ORGANISATION DETAILS  
Name Royal London Asset Management (RLAM)
Signatoy type  Investment manager
Region of operation UK
Assets under management £127.8bn
COVERED IN THIS CASE STUDY  
Fund RLAM Sustainable Leaders Fund Manager
Geography UK, Europe, US
Asset class Equity
Environmental objective Mitigation and adaptation
Economic activity All

RLAM has long recognised that there is a need for a uniform definition of sustainable investing. We take pride in the success of our sustainable funds, first launched in 2003, and we work hard to ensure we deliver on the sustainable label. However, we are aware that, given the diversity of fund types and strategies, we need to work with our industry peers to provide greater clarity to our end customers. The taxonomy is one tool that may help to achieve this.

Other aspect you would like to mention?

The fund seeks to invest in sustainable companies, which we define as companies that either provide a positive net benefit to society through their products and services, or are leaders in managing their ESG risks and opportunities. The fund is not explicitly a ‘green’ fund, nor does it specifically target climate change mitigation or adaptation companies. We acknowledge the social and environmental benefits that companies can provide, and therefore our investment universe is much broader than the scope of the taxonomy.

Taxonomy implementation

Principles, criteria, thresholds

We took a manual approach to applying the principles, metrics and thresholds criteria. First, we downloaded the Technical Expert Group (TEG) report on the EU taxonomy excel tool and embedded it into our working document. This proved helpful, because by using a formula we could pull out specific and relevant criteria for each stock under review.

When applying the criteria, we relied on company disclosure to assess whether a stock was aligned, potentially aligned or not aligned. Again, our review was manual, mainly leveraging company annual reports, accounts and websites. 

Do no significant harm assessment

We reviewed DNSH manually, basing our assessments on company disclosure from websites and reports. We estimated potential alignment when specific company information was not available. We considered these cases as potentially aligned, though we excluded them from the final aligned figure.

We took a conservative approach and only considered a stock as potentially aligned if there was solid evidence to support our calculations and assumptions. We recognise that other companies may be more generous in applying potentially aligned criteria and we are interested in gauging the consensus on this specific point.

Social safeguards assessment

We applied a number of screens from MSCI ESG ratings, which we believed were aligned to the social safeguard factors. Whilst the MSCI screen factors did not fully align with the taxonomy’s safeguard factors, we felt that they would highlight any instances in which a company’s behaviour required further investigation to determine whether it failed the safeguard assessment.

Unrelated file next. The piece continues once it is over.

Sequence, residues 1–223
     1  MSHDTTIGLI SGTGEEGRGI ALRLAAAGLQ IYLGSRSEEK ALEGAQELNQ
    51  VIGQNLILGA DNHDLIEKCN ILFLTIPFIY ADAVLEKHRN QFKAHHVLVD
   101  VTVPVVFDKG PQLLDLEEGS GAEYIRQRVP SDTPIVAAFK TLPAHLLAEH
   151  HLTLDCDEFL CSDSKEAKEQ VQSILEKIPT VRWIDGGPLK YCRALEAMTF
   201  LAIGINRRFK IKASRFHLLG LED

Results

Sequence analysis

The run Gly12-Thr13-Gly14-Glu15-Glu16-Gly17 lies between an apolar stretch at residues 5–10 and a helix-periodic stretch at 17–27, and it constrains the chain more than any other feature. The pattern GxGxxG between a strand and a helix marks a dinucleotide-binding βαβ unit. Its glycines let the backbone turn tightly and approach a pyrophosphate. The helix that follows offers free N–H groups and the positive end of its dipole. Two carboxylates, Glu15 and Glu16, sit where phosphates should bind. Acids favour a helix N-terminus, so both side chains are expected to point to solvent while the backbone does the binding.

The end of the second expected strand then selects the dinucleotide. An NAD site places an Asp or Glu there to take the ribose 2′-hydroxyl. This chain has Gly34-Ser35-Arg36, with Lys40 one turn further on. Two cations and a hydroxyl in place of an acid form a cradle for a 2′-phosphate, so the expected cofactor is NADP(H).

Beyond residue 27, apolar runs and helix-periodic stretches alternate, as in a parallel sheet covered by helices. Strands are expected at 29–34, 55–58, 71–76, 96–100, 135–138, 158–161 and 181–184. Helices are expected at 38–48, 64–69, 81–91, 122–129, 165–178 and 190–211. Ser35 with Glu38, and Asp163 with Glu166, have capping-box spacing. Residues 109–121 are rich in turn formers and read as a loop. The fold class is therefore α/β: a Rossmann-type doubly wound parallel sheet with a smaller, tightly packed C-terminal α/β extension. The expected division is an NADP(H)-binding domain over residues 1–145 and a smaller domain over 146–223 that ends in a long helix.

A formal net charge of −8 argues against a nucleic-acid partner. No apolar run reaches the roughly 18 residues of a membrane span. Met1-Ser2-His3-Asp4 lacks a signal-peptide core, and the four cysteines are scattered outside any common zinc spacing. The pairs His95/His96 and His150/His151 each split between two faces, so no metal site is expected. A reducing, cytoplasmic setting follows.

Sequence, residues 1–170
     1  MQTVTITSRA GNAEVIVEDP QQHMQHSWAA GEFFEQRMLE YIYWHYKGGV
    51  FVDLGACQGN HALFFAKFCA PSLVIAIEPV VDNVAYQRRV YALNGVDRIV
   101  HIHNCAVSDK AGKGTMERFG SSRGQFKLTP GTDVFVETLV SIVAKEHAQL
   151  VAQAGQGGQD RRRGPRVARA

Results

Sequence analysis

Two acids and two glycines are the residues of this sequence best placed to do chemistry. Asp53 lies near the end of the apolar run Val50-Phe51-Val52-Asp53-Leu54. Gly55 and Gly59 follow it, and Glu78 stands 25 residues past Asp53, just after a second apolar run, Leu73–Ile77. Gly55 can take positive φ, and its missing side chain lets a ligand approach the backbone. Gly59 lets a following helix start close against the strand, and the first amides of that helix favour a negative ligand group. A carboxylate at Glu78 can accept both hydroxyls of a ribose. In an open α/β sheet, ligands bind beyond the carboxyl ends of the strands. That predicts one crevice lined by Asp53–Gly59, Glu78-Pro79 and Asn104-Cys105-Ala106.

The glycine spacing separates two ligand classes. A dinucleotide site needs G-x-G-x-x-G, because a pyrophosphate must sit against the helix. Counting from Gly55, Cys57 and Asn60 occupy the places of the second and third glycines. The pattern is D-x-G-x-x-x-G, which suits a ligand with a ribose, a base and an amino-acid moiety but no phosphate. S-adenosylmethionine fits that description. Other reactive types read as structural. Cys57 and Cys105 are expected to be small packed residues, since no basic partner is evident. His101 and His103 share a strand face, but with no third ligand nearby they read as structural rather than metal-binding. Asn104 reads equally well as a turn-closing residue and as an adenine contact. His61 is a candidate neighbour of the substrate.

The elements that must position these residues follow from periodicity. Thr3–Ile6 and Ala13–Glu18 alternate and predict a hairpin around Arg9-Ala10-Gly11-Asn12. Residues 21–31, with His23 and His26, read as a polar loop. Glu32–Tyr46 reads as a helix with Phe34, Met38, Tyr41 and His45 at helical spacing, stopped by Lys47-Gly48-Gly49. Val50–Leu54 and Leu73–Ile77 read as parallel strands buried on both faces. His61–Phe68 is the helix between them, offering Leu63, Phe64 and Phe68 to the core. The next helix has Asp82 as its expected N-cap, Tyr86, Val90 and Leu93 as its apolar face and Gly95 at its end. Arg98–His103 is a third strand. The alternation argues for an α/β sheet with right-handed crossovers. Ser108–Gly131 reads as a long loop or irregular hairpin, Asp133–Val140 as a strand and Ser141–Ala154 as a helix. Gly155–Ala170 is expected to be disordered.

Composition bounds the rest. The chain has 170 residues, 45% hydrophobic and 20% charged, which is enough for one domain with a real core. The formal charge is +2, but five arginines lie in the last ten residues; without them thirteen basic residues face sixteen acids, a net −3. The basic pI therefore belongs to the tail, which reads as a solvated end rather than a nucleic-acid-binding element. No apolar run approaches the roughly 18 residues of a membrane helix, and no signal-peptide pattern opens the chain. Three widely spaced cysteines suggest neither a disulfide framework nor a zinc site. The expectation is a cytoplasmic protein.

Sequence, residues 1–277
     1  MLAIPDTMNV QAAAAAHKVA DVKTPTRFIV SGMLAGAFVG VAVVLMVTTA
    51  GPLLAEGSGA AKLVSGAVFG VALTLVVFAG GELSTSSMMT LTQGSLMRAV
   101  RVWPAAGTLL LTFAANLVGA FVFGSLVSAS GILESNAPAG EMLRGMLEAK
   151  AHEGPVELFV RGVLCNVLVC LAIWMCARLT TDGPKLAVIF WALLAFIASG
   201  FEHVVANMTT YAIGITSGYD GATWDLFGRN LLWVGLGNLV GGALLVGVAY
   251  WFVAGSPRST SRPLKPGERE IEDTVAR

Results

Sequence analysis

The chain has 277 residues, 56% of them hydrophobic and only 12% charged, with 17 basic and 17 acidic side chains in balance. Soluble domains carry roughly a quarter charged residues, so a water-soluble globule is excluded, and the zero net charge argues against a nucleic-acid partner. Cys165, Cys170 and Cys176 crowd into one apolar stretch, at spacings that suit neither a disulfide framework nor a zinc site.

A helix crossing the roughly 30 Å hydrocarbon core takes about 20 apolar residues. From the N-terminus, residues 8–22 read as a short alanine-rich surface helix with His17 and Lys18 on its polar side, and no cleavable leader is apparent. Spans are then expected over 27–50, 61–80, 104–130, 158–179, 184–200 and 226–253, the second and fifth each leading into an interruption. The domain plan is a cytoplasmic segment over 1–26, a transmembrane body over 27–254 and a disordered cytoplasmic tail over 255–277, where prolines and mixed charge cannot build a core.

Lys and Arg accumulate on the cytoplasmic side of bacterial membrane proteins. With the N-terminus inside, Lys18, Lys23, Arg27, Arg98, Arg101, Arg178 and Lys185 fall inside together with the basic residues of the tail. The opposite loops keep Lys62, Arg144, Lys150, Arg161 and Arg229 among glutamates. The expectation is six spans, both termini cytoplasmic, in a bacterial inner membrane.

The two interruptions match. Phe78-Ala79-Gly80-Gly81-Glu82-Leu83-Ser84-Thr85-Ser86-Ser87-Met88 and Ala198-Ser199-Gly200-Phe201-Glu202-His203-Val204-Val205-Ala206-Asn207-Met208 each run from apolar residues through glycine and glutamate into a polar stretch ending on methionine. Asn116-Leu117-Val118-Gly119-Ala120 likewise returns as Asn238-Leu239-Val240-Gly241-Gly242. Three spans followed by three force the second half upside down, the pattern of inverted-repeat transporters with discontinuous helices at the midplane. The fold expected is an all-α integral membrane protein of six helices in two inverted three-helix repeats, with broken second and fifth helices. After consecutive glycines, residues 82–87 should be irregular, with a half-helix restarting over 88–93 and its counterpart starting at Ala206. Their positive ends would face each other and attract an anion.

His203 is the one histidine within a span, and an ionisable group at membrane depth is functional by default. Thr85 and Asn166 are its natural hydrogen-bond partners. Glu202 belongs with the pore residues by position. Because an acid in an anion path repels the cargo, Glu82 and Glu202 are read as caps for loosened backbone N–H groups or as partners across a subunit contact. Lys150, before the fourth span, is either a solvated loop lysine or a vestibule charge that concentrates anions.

In time, we expect that data providers will develop screen factors that fully align with the taxonomy, facilitating the application of this approach without the need for further investigation. 

Turnover/capex/opex alignment

First, we applied the Bloomberg eligibility tool. This was the most automated and simple part of the process, as the tool enabled us to quickly identify which stocks and revenue were potentially aligned. Instead of manually reviewing all stocks in the fund, we were able to quickly reduce the scope to the ones that had revenue aligned with activities/sectors identified by the taxonomy.

As most companies report revenue against business units rather than activities and/or products, the next step was far more manual. In many cases, we were unable to verify whether the revenue of an aligned activity/product was contributing, and so it was often reported as not aligned. In these instances we did not engage with companies to try and obtain this information.

Going forward, as company reporting improves and becomes better aligned with taxonomy requirements we expect to see a positive impact on our taxonomy- aligned percentage. 

Alignment results

Overall, we were surprised by the lack of disclosure to assess the taxonomy alignment of company activities and products in the portfolio. This had a significant impact on our overall taxonomy-aligned percentage. If companies do not quickly update their disclosures to meet investor needs, we believe our ability to accurately assess taxonomy-alignment may be undermined.

Further, the current level of manual work was significant, and application across a range of funds would be a significant undertaking potentially spanning months. In time, we hope that data providers are able to provide tools that undertake many of the required assessments, freeing up our resources to review results and determine how to update our investment approach to improve alignment.